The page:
[“I was half worried there wouldn’t be any. Good thing I brought my four-leaf clover on this operation.”
“Four-leaf clover?” Megan said with a snort as she fished something out of her pack.
“Sure. From the homeland.”
“That’s the Irish, Cody, not the Scottish.”
“I know,” Cody said without missing a beat. “I had to kill an Irish dude to get mine.”]
For the world of the Fractured States, or Newcago specifically, it’s structurally majestic in a rustic way with its glistening sheen of metallic steel but also exudes the dangerous, atmospheric, and eerie qualities of a society ruled by Steelheart. Whether life is better off with an Epic providing provisional benevolence is completely up for interpretation. The infrastructure still holds its contemporary appeal but is detailed enough to be visually compelling and believable. Moreover, the detailing is not lost in peak action-oriented scenes and is woven with the thematic choices and history of the city with Calamity in mind. It’s integrated and deftly explained with proper pacing of information without being too much of an information overload. An aspect I enjoyed was the creation of the labyrinth-like catacombs of a dwelling the impoverished live in. This added another layer of impeccable detailing to the world and the characters themselves; almost like a shadow within a shadow.
Yet for the entire stellar world building this novel offers, there are evident shortcomings that left me with some uncertainty. While some of these will likely be uncovered in later instalments (such as Calamity’s influence over Epic superpowers), other facets should have returned full circle within this novel. My main concern deals with Nightwielder and the scope of his never-ending darkness in which he shrouds Newcago (or maybe even the world?). Okay, that’s fine – a firmly plausible superpower until you consider the potential (or should be apparent) physical and mental drain it would have on an Epic. His power reminds me a lot of Kaname Tosen’s released ability in Bleach (a manga), but even then there are limitations with his abilities. This isn’t the same for Nightwielder. While the Reckoners (by proxy of David) do uncover his kryptonite (or weakness), it still seems a bit bewildering that he’s (assumed to be) able to utilise his powers without limitations or suggestion of strain. To further this, you can consider Conflux (an Epic with abilities to gift and supercharge things with electricity, essentially) and his initial weak-bodied appearance in the novel. This leaves me a bit perplexed regarding the physical strain exhibited by some and not other Epics.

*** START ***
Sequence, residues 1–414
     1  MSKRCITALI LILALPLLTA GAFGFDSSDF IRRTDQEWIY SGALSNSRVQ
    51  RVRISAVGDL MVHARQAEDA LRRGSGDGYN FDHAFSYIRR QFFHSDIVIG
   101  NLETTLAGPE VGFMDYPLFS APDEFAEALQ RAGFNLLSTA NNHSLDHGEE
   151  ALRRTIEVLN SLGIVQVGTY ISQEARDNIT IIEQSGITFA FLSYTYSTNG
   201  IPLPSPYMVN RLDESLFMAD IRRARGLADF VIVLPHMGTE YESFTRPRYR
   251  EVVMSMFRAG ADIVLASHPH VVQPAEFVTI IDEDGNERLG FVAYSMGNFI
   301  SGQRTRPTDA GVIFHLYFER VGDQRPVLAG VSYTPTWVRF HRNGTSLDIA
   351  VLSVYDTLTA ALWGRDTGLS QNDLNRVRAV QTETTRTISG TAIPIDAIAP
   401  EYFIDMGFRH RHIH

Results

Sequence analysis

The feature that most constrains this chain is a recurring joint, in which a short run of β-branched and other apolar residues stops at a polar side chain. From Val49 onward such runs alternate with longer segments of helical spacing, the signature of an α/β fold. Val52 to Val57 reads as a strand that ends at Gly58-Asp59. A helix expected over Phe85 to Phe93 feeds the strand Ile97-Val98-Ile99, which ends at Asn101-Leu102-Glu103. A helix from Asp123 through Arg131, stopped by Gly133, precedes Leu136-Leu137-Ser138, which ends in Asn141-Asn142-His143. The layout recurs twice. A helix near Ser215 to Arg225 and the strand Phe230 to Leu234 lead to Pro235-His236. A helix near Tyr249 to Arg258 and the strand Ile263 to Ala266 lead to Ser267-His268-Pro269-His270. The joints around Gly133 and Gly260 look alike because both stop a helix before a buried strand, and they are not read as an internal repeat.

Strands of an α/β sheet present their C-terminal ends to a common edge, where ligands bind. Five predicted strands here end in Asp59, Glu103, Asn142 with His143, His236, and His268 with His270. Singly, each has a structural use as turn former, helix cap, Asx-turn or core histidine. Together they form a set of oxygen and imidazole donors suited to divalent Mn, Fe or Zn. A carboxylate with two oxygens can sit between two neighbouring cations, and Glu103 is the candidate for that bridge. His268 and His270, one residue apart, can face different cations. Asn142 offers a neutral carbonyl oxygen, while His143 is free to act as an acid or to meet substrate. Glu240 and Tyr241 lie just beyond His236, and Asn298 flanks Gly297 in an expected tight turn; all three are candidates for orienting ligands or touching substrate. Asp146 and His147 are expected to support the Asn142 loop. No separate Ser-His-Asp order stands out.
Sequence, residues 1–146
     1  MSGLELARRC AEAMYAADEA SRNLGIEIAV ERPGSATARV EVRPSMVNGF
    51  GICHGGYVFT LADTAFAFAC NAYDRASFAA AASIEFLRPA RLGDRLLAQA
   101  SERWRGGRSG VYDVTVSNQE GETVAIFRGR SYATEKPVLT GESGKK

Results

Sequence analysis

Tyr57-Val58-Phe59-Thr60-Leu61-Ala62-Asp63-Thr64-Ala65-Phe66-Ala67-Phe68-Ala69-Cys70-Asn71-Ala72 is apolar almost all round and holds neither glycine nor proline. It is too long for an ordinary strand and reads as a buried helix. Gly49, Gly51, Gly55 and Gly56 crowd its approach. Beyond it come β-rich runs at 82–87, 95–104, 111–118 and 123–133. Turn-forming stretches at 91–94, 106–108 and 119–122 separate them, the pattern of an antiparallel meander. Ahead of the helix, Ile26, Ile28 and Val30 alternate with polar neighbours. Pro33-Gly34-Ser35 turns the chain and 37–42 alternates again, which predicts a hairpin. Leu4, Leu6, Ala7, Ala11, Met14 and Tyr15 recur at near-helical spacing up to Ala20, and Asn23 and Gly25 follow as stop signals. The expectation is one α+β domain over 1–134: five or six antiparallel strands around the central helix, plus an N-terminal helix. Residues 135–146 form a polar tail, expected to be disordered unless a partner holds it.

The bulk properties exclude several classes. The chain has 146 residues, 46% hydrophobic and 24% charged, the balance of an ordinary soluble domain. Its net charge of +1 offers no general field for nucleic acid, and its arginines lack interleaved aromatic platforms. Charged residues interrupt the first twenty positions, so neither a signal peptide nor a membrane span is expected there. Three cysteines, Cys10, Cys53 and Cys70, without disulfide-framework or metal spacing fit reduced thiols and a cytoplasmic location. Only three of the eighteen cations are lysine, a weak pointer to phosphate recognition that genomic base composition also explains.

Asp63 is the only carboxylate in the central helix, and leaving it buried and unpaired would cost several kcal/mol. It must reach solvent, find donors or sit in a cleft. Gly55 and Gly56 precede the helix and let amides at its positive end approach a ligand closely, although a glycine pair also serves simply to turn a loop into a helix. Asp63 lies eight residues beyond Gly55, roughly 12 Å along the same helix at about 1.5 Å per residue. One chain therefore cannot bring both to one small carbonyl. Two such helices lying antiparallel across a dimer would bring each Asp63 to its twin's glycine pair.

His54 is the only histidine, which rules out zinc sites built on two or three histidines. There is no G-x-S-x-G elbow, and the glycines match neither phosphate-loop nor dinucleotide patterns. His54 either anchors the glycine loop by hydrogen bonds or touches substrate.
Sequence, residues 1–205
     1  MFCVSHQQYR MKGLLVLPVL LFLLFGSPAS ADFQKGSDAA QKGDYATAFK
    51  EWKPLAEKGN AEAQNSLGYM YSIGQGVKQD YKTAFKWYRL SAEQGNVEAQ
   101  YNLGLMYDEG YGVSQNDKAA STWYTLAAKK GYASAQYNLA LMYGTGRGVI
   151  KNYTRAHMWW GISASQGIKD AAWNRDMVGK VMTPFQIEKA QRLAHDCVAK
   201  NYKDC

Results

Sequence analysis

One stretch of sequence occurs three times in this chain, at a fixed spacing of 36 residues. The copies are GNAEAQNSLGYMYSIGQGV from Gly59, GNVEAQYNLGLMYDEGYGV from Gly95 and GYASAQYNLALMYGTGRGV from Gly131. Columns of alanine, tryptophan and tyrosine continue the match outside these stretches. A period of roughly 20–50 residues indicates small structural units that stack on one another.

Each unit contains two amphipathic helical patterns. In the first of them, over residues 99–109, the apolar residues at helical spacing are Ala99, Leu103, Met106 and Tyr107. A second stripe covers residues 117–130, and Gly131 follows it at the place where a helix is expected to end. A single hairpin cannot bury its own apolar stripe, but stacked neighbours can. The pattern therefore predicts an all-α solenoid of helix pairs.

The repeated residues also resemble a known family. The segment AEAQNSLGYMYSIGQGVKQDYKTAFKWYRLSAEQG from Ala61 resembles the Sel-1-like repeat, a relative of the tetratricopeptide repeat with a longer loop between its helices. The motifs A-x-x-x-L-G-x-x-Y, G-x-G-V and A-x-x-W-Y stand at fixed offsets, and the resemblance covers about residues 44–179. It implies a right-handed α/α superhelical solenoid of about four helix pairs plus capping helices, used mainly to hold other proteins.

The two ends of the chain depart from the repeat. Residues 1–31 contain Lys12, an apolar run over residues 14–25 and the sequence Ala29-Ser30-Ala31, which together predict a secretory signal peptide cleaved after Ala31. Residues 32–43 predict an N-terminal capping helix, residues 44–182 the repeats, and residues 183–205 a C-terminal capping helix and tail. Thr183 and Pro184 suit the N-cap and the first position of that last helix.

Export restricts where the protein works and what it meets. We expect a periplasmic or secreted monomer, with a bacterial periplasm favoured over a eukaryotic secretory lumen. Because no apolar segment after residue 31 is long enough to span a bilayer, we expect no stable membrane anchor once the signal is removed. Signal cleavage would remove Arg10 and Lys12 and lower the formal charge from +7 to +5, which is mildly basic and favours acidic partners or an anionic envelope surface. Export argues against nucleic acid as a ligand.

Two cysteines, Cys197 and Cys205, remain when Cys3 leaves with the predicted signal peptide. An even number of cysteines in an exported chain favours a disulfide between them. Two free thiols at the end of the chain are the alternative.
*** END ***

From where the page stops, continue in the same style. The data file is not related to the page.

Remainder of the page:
[“Sometimes doing things we used to do reminds us of who we used to be, and not always in good ways.”]
What isn’t baffling is the incessant need for the various metaphors/similes and new-age vocabulary. I can understand if David uses these new words (sparks, calamity, slontze) as a ‘substitute” for profanity providing these words were immersed in the environment he grew up in. Consider that at eight, prior to Calamity, he would have limited knowledge of curse words in general. Then by growing up in the Factory with other kids starved for present-day multimedia laden with ‘old’ profanity (f-bombs and the like from Netflix and HBO) it would be certainly believable if he made up his own anger-driven words himself. The beef I have with the vocabulary extends toward the Reckoners themselves, who should be old enough to have been through modern profanity prior to calamity and would fall back on their old curse words. Furthermore, I’ve read reviews that chirp the shit out of the metaphors/similes in dialogue but I actually wasn’t too bothered by it. Actually, I found it to be humorous in a bad-yet-funny kind of way. In many ways, it ties into David’s character growth – his seeking of learning new figures of speech is comparable to his hastened life lessons with the Reckoners. He certainly does get better with his “metaphors” as the narrative progresses.